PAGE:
“You would never know they were rich by looking at them,” Corley said. “They are your neighbors, family, friends, colleagues at work, assistant coaches, teachers, union workers, plumbers, electricians, construction workers, accountants, government workers … the list goes on.”


Scheduling time to think is a top habit of rich people.

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Self-made millionaires are dedicated thinkers, Corley found. In most cases, he said, “it’s the key to their success.”

The rich tend to think in isolation, in the mornings, and for at least 15 minutes every day.

Corley said they ask questions such as “What can I do to make more money?” “Does my job make me happy?” “Am I exercising enough?” and “What other charities can I get involved in?”


Rich people seek out friends who are encouraging, optimistic, and constructive.

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Interpersonal relationships have an outsize effect on our ability to achieve success.

Corley said the millionaires he studied tended to seek out and surround themselves with people who possess qualities like optimism, confidence, humility, emotional stability, patience, authenticity, and mindfulness.

They also provide constructive criticism and focus on adding value to the lives of those around them, not just themselves.


On the other hand, people who become rich avoid “poverty by association.”

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As humans, we tend to behave like the people we surround ourselves with. Whether it’s neighbors, family, coaches, or friends, Corley said, we often adopt their money habits, regardless of whether we intend to or not.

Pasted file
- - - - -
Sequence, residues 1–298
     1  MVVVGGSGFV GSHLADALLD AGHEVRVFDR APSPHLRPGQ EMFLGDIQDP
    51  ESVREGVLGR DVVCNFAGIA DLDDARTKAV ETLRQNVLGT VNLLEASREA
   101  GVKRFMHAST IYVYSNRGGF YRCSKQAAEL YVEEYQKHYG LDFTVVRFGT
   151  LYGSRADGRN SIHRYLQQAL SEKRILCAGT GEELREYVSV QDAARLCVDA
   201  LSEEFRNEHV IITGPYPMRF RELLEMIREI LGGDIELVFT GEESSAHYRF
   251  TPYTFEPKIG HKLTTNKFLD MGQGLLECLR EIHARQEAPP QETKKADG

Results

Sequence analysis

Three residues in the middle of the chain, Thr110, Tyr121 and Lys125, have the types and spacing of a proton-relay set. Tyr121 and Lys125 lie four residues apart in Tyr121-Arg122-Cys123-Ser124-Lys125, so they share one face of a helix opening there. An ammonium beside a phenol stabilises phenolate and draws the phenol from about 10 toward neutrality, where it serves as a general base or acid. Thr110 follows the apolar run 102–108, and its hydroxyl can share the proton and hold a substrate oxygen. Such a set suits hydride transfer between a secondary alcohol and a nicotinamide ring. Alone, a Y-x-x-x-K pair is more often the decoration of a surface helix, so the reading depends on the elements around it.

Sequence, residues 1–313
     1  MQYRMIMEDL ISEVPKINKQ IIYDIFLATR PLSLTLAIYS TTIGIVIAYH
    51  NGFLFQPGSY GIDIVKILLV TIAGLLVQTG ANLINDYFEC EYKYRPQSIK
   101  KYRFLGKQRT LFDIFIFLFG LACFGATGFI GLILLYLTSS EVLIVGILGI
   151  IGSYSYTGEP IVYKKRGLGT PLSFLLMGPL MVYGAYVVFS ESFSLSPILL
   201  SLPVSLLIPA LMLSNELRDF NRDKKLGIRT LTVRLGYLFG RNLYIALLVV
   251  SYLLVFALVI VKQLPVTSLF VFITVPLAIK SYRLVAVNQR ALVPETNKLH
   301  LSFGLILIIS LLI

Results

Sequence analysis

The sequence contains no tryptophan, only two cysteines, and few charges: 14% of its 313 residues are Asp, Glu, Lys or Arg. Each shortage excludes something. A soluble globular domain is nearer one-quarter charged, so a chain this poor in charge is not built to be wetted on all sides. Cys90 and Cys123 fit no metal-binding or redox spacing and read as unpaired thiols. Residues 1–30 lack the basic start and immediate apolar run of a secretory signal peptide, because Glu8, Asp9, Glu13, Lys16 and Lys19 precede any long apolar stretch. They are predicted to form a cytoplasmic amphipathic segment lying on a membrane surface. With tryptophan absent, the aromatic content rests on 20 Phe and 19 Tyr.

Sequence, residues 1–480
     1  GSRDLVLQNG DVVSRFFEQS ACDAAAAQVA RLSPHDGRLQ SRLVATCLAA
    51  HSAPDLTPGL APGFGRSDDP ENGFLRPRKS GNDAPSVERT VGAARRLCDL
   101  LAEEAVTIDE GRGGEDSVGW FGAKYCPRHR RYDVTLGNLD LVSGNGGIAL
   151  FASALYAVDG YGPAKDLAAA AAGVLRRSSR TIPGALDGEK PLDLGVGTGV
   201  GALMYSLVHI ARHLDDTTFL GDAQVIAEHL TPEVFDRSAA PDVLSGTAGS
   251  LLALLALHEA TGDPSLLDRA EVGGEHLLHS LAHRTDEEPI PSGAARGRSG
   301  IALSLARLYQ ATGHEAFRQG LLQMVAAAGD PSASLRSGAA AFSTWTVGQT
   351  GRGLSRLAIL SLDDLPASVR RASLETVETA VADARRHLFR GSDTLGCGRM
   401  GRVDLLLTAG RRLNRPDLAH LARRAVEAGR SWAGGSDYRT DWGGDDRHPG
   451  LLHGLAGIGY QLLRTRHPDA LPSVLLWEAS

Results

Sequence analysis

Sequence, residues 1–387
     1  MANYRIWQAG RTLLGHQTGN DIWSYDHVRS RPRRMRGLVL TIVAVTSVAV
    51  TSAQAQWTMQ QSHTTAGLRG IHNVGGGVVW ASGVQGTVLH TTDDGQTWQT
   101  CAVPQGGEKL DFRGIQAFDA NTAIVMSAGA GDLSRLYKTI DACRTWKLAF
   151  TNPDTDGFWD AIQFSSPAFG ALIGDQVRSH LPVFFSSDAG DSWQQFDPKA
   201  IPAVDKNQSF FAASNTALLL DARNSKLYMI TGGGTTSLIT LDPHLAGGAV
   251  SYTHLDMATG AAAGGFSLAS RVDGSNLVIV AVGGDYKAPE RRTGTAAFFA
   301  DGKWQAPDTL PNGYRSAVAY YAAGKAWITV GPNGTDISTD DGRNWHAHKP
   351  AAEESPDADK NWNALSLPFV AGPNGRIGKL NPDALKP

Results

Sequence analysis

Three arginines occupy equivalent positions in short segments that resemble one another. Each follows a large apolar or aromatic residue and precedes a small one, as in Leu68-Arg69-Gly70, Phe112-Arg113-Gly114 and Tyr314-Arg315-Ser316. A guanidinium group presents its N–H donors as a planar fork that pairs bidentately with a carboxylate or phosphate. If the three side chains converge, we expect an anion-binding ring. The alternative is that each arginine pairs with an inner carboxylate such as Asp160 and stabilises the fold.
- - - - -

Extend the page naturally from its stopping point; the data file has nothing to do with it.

“One of the hallmarks of the self-made millionaires in my study was the conscious effort they made to associate with like-minded individuals,” Corley said. “If a close relationship was a spendthrift, they limited how much time they spent with those individuals.”


Only 1% of self-made millionaires got rich before age 40.

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Wealth doesn’t materialize overnight for most financially successful people.

Corley said that only 1% of the self-made millionaires he studied got rich before 40. For the other 99%, it took at least 18 years of practicing good habits to get there.

“Success, for the vast majority of the self-made millionaires in my study, was about doing the little things every day that helped build momentum in their lives,” Corley said. “This momentum kept them moving forward, growing in knowledge and skill.”


The vast majority of millionaires inherited crucial habits from their parents.

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Many millionaires learned their most fundamental rich habits from their parents, Corley found, giving them an advantage on their path to wealth.

For example, over 95% said they were taught to take responsibility for their actions, respect the law and other people’s property, work hard for what they want, and improve themselves daily. Importantly, their parents taught them that acquiring wealth is a good thing, not evil or greedy.